New Relic today shared a report based on anonymized data it collects that showed a 35% increase in the volume of logging data collected by its observability platform.
The report also identified logs generated by NGINX proxy software (38%) as being the most common type of log, followed by Syslog (25%) and Amazon Load Balancer (20%).
In addition, Fluent Bit is the most commonly used open source processor and forwarder tool (38%) among IT teams that have adopted the New Relic platform. Another 16% are using New Relic infrastructure agent, followed by 14% that send log data directly to New Relic via an HTTP endpoint.
The report also found 50% of all logs ingested by language agents come from Java applications, followed by .Net (26%), Ruby (22%) and Node.js (2%).
Jemiah Sius, director of developer relations at New Relic, said as more cloud-native applications are deployed, the volume of log data that is collected is only going to increase as open source OpenTelemetry tools are more widely adopted. In addition, IT teams will also be collecting metrics, traces and events to better pinpoint the root cause of issues using observability platforms such as New Relic One, he added.
Amazon Web Services (AWS) is now, of course, one of the biggest sources of log data. The New Relic report noted that the serverless AWS Lambda service is the most widely employed source of log data among AWS customers that employ the New Relic One platform. However, use of the AWS Firehose service for extracting, transforming and loading (ETL) data has grown sharply in the last year, noted Sius.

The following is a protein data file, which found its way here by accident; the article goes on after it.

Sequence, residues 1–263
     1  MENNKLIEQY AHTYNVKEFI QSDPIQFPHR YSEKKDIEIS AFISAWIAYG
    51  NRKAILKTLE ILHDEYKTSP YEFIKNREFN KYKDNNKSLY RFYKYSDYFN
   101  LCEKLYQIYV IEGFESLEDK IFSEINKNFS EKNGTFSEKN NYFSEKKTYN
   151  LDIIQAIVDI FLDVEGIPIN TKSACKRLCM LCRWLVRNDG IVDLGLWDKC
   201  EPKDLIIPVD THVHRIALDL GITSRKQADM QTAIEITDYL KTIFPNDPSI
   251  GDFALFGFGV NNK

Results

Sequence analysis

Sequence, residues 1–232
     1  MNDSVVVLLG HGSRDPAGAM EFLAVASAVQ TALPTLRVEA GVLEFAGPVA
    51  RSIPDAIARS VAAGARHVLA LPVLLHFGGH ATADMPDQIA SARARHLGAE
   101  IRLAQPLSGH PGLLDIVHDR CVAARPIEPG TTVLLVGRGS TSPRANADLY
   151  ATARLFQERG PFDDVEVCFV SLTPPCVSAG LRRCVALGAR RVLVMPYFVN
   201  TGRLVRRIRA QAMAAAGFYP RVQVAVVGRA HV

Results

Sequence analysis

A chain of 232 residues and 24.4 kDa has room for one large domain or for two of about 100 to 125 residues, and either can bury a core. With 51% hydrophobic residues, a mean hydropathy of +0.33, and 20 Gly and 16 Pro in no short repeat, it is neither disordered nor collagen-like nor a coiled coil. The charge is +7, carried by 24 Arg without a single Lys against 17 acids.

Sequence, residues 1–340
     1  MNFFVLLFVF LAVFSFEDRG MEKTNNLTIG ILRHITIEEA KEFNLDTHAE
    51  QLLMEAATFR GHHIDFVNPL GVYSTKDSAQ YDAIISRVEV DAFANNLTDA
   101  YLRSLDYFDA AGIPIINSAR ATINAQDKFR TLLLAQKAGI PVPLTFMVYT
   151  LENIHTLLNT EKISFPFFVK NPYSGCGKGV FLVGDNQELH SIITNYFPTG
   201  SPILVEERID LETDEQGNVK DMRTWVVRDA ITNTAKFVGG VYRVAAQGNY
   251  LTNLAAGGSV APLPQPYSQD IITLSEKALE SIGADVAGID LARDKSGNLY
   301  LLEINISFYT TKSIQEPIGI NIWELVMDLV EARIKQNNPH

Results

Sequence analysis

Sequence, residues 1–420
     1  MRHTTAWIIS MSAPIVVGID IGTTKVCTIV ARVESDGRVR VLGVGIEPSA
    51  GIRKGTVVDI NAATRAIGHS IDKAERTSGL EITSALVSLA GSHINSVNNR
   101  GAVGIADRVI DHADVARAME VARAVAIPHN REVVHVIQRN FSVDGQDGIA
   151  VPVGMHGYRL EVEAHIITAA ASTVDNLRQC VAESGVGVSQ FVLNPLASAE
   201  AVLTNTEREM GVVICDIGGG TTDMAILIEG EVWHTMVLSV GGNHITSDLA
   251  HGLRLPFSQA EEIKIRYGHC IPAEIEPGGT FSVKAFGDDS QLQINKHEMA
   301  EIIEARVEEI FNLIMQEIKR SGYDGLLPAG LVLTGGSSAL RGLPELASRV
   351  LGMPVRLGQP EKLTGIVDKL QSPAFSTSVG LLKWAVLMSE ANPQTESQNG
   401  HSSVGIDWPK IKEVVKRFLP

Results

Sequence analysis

The New Relic report found while only 32% of New Relic accounts that use AWS have adopted Firehose, there has been a 62% increase in adoption year-over-year.
Log data is usually the first thing any IT team consults whenever there is an issue, but as the volume of log data increases it’s becoming more difficult to associate log data with specific IT events. The issue that each IT team will have to come to terms with is how much log data to store alongside metrics, traces and other data formats to help them proactively identify the root cause of an IT issue.
Observability platforms, in the meantime, promise to make it possible to query that log data to identify relationships between events. The goal is to enable IT teams to investigate issues before they can disrupt IT services rather than merely reacting to events after they have unfolded, said Sius.
The hope, of course, is that machine learning algorithms will soon automatically identify issues before most IT teams even know there is a problem. Given the overall complexity of modern IT environments, it’s unlikely most IT teams even know what queries to launch to identify the root cause of an issue. Instead, as machine learning algorithms become more familiar with what constitutes normal IT events, it will become simpler for those algorithms to surface the issues that are actually worth IT’s attention.